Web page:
A prospective clinical trial evaluating the safety and efficacy of the combination of rituximab and plerixafor as a mobilization regimen for patients with lymphoma

Authors

  • Jonathan L. Kaufman,

    1. From the Winship Cancer Institute, Emory University School of Medicine, Atlanta, Georgia; the Nebraska Medical Center, Omaha, Nebraska; and Genzyme, a Sanofi Company, Cambridge, Massachusetts.
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  • Christopher R. Flowers,

    1. From the Winship Cancer Institute, Emory University School of Medicine, Atlanta, Georgia; the Nebraska Medical Center, Omaha, Nebraska; and Genzyme, a Sanofi Company, Cambridge, Massachusetts.
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  • Karen D. Rados,

    1. From the Winship Cancer Institute, Emory University School of Medicine, Atlanta, Georgia; the Nebraska Medical Center, Omaha, Nebraska; and Genzyme, a Sanofi Company, Cambridge, Massachusetts.
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  • Gary B. Calandra,

    1. From the Winship Cancer Institute, Emory University School of Medicine, Atlanta, Georgia; the Nebraska Medical Center, Omaha, Nebraska; and Genzyme, a Sanofi Company, Cambridge, Massachusetts.
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  • Julie M. Vose,

    1. From the Winship Cancer Institute, Emory University School of Medicine, Atlanta, Georgia; the Nebraska Medical Center, Omaha, Nebraska; and Genzyme, a Sanofi Company, Cambridge, Massachusetts.
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  • L. Becker Hewes,

    1. From the Winship Cancer Institute, Emory University School of Medicine, Atlanta, Georgia; the Nebraska Medical Center, Omaha, Nebraska; and Genzyme, a Sanofi Company, Cambridge, Massachusetts.
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  • Sagar Lonial,

    1. From the Winship Cancer Institute, Emory University School of Medicine, Atlanta, Georgia; the Nebraska Medical Center, Omaha, Nebraska; and Genzyme, a Sanofi Company, Cambridge, Massachusetts.
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  • Amelia A. Langston,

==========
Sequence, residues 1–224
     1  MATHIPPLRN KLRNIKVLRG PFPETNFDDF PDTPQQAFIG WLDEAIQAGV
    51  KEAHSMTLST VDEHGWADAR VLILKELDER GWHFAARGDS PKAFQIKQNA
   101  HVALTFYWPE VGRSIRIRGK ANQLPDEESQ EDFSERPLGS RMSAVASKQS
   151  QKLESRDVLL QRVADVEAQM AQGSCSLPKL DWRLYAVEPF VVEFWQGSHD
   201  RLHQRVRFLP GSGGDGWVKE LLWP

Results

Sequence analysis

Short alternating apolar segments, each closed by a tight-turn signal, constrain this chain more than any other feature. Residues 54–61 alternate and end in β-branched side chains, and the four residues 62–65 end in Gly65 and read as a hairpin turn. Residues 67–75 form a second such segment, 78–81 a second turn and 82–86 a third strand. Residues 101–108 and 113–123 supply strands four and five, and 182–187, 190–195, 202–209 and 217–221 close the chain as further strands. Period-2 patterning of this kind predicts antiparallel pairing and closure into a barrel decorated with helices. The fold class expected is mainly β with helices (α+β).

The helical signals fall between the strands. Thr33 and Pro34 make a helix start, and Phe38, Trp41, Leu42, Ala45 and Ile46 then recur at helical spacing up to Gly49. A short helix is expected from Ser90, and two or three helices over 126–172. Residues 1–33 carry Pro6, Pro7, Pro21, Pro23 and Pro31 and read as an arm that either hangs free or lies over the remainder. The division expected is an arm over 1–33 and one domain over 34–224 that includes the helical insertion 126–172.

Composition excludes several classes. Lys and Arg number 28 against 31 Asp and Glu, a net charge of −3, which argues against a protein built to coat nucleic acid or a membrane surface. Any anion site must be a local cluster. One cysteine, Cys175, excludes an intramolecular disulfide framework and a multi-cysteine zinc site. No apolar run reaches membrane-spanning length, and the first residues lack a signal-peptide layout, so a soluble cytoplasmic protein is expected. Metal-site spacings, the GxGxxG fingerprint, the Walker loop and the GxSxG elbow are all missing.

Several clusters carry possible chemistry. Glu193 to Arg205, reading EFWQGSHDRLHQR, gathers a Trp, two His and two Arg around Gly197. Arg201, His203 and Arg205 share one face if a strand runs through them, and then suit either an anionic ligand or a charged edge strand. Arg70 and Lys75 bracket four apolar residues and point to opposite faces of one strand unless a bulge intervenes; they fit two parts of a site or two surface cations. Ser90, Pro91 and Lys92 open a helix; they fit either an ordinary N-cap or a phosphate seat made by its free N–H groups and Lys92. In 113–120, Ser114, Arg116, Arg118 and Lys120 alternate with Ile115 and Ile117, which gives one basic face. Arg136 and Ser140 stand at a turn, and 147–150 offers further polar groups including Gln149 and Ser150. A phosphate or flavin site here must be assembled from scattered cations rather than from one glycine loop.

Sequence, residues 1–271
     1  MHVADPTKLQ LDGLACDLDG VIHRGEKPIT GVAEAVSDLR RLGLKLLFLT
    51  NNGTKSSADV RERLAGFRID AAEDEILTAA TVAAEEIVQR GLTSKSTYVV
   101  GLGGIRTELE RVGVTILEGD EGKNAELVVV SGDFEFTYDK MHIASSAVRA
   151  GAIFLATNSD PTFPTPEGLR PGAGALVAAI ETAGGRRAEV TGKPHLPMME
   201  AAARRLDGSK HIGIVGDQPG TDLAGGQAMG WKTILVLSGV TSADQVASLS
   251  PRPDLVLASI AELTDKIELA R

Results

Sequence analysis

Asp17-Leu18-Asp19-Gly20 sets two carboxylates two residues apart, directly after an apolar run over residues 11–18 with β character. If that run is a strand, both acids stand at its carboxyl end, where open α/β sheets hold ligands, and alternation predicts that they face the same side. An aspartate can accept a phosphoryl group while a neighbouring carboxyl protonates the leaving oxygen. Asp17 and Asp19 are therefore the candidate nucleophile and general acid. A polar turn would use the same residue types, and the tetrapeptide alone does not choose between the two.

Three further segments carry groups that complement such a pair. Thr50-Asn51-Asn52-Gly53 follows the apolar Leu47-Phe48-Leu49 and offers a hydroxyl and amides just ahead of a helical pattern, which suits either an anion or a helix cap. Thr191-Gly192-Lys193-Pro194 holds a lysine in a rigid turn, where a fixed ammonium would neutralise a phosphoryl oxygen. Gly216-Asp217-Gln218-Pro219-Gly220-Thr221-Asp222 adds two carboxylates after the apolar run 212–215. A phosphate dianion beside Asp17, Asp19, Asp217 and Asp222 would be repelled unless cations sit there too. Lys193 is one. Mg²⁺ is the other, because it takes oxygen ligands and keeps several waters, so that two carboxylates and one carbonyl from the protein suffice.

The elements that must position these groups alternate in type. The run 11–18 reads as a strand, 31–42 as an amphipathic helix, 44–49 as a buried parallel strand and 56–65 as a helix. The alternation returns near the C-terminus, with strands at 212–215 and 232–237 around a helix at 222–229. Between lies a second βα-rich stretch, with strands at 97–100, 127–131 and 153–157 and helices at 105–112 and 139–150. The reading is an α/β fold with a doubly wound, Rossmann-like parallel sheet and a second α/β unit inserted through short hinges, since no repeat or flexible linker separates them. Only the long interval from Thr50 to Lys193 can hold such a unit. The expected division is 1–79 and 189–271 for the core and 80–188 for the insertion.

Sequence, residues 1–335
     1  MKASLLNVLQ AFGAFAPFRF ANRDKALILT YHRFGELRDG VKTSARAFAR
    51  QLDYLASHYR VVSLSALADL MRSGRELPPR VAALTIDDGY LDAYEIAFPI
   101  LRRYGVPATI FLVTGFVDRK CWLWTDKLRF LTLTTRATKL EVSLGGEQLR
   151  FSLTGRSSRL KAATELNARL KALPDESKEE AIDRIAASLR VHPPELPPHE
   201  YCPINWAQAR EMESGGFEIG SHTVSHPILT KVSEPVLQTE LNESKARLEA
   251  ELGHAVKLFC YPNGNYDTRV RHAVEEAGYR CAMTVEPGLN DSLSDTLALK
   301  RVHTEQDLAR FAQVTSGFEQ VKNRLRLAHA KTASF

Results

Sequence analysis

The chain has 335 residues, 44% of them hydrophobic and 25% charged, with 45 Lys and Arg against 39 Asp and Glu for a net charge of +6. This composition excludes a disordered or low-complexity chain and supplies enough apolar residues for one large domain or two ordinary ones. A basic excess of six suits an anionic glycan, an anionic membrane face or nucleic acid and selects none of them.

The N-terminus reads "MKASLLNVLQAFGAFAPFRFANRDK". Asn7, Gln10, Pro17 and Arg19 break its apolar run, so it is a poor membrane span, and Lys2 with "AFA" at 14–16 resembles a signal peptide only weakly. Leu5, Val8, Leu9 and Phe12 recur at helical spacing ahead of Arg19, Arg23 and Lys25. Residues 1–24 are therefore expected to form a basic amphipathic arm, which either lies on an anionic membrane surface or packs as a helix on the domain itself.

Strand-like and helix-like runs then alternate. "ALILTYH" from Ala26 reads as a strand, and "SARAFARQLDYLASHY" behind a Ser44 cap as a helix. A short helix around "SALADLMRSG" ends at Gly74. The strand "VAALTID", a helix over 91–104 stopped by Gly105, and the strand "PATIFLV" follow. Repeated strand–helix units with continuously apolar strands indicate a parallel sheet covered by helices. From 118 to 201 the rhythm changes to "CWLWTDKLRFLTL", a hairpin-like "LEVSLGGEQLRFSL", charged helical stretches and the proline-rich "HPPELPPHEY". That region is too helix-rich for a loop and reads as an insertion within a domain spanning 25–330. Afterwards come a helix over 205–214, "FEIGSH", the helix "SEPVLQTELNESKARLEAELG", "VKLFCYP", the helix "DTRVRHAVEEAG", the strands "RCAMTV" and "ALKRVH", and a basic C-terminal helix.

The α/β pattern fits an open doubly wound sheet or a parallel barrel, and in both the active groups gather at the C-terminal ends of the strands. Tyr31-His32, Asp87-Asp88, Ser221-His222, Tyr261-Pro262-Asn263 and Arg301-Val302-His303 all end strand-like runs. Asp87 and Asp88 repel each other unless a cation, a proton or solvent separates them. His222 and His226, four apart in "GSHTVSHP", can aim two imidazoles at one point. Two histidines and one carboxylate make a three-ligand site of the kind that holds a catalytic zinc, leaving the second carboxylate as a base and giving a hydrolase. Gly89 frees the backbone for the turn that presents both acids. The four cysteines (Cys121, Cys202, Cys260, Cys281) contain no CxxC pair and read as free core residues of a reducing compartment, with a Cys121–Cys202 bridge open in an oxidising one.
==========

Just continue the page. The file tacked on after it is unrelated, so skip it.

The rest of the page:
1. From the Winship Cancer Institute, Emory University School of Medicine, Atlanta, Georgia; the Nebraska Medical Center, Omaha, Nebraska; and Genzyme, a Sanofi Company, Cambridge, Massachusetts.
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  • H. Jean Khoury,

    1. From the Winship Cancer Institute, Emory University School of Medicine, Atlanta, Georgia; the Nebraska Medical Center, Omaha, Nebraska; and Genzyme, a Sanofi Company, Cambridge, Massachusetts.
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  • Mary Jo Lechowicz,

    1. From the Winship Cancer Institute, Emory University School of Medicine, Atlanta, Georgia; the Nebraska Medical Center, Omaha, Nebraska; and Genzyme, a Sanofi Company, Cambridge, Massachusetts.
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  • Edmund K. Waller

    Corresponding author
    1. From the Winship Cancer Institute, Emory University School of Medicine, Atlanta, Georgia; the Nebraska Medical Center, Omaha, Nebraska; and Genzyme, a Sanofi Company, Cambridge, Massachusetts.
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  • This study was supported by research funding from Sanofi Oncology (formerly Genzyme Corporation).

Edmund K. Waller, MD, PhD, Winship Cancer Institute, Emory University Medical School, 1365B Clifton Road NE, Room B5119, Atlanta, GA 30322; e-mail: ewaller@emory.edu.

Abstract

BACKGROUND: Previous reports suggested that rituximab may impair stem cell collection and posttransplant engraftment in lymphoma patients undergoing autologous hematopoietic progenitor cell transplantation.

STUDY DESIGN AND METHODS: A prospective biologic allocation study examined the effect of adding rituximab to a mobilization regimen of plerixafor and granulocyte–colony-stimulating factor (G-CSF) for patients with CD20+ lymphoma compared with CD20− lymphoma patients mobilized without rituximab. The primary endpoint was safety of the rituximab-containing regimen; secondary endpoints compared the efficiency of stem cell collection, posttransplant engraftment, graft characteristics, mobilization kinetics, immune reconstitution, and engraftment durability between the cohorts of patients with CD20+ and CD20− lymphoma.

RESULTS: Fifteen subjects assigned to each treatment arm were accrued. Both mobilization regimens had similar toxicities. The median number of CD34+ cells collected (7.4 × 106/kg vs. 6.4 × 106/kg) and the median numbers of days of apheresis needed to collect stem cells were not different between the CD20+ and CD20− cohorts. No significant differences in neutrophil engraftment (median, 13.5 days vs. 13 days) or platelet engraftment (22 vs. 21 days) or in graft durability were seen comparing patients with CD20+ versus CD20− lymphoma. There were no significant differences in the kinetics of blood T-cell or natural killer–cell reconstitution comparing the two groups. B-cell reconstitution was delayed in the CD20+ lymphoma group, but this did not translate into a significant increase in infectious complications.

CONCLUSION: Rituximab can be safely added to the combination of plerixafor and G-CSF as a mobilization strategy without excess toxicity or posttransplant engraftment delays for patients with chemosensitive lymphoma undergoing autologous hematopoietic progenitor cell transplantation.

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